Georgian Era: 1714-1837
This era spanned for 120 years, through King George I and ending at King George IV. Given the dates of this era, the tools used were primitive. Making the pieces fragile, and less likely to stand the test of time, most high-end specimens are in museums most in desperate need of repair. Making Georgian era jewelry a true treasure. This era has a dark, moody aesthetic made up of pearls, sapphires, foil-backed diamonds, rubies, garnet, topaz, glass, and paste. Common cuts for this time are unlike what we see today. Most common are old mine cuts, single cuts, antique cushion cuts and rose cuts. These are cuts made by hand, using candle or sunlight. Foil-backing gems was assumed to brighten them along with intensifying the color. With machines in short supply during this time, jewelry was hand formed, hand carved and handset. An art that has evolved over time, with these hand done creations makers marks or assay stamps are uncommon and nearly nonexistent (assay marks are enforced in the 1900’s). Metals were more brittle in turn harder to manipulate, typical materials used are 18K yellow gold and silver.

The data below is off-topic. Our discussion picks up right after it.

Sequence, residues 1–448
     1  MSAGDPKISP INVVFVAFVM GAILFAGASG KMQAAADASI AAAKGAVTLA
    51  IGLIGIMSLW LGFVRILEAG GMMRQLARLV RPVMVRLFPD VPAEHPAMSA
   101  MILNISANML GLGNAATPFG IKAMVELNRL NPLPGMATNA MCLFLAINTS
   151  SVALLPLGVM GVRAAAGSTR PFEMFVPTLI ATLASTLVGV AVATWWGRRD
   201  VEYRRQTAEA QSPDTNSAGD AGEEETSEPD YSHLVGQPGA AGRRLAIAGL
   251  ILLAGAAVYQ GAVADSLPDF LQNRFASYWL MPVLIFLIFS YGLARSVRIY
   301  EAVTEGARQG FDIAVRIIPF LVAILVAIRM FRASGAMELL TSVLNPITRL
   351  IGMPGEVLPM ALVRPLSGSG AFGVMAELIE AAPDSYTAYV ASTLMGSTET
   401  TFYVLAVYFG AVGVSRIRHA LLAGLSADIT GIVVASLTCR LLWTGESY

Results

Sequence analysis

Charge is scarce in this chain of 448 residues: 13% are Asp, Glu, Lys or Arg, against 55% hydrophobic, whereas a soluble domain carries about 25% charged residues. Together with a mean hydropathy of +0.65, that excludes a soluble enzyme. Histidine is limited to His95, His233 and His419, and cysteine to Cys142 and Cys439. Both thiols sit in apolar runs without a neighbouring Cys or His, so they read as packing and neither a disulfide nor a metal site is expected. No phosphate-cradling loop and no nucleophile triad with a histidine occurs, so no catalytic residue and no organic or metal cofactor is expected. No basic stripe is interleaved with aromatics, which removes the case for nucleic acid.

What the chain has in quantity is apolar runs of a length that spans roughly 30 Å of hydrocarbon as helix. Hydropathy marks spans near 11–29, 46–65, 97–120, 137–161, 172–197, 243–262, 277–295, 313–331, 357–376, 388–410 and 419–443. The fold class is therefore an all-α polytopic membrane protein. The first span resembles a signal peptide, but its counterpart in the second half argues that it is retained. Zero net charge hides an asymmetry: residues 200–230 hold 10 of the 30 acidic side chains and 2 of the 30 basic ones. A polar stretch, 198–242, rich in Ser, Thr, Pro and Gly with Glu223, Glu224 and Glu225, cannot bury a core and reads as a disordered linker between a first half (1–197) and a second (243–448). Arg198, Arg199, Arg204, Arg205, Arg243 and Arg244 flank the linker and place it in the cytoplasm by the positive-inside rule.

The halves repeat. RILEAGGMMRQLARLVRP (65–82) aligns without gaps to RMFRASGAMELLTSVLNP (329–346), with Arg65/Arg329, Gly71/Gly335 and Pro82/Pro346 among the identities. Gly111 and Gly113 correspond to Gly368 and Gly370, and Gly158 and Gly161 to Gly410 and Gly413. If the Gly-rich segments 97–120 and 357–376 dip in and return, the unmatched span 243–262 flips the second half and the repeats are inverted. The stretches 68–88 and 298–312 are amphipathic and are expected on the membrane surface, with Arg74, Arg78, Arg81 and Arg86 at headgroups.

Popular motifs from this era are flowers, crescents, bows, and foliage incorporating shapes like the navette and ovals to interpret these beautiful designs. The Georgian era is most known for its mourning pieces. Beautifully made pieces of jewelry that are made to commemorate a loved one. Typically made to display a lock of hair, a piece of ribbon, fabric or even a portrait. These mourning pieces were held dear, and the perfect way to preserve memories. Unfortunately, Georgian jewelry like the mourning pieces are harder and harder to come by. This era is just the start of the progress made jewelry manufacturing. Encouraging advances to continue through the decades.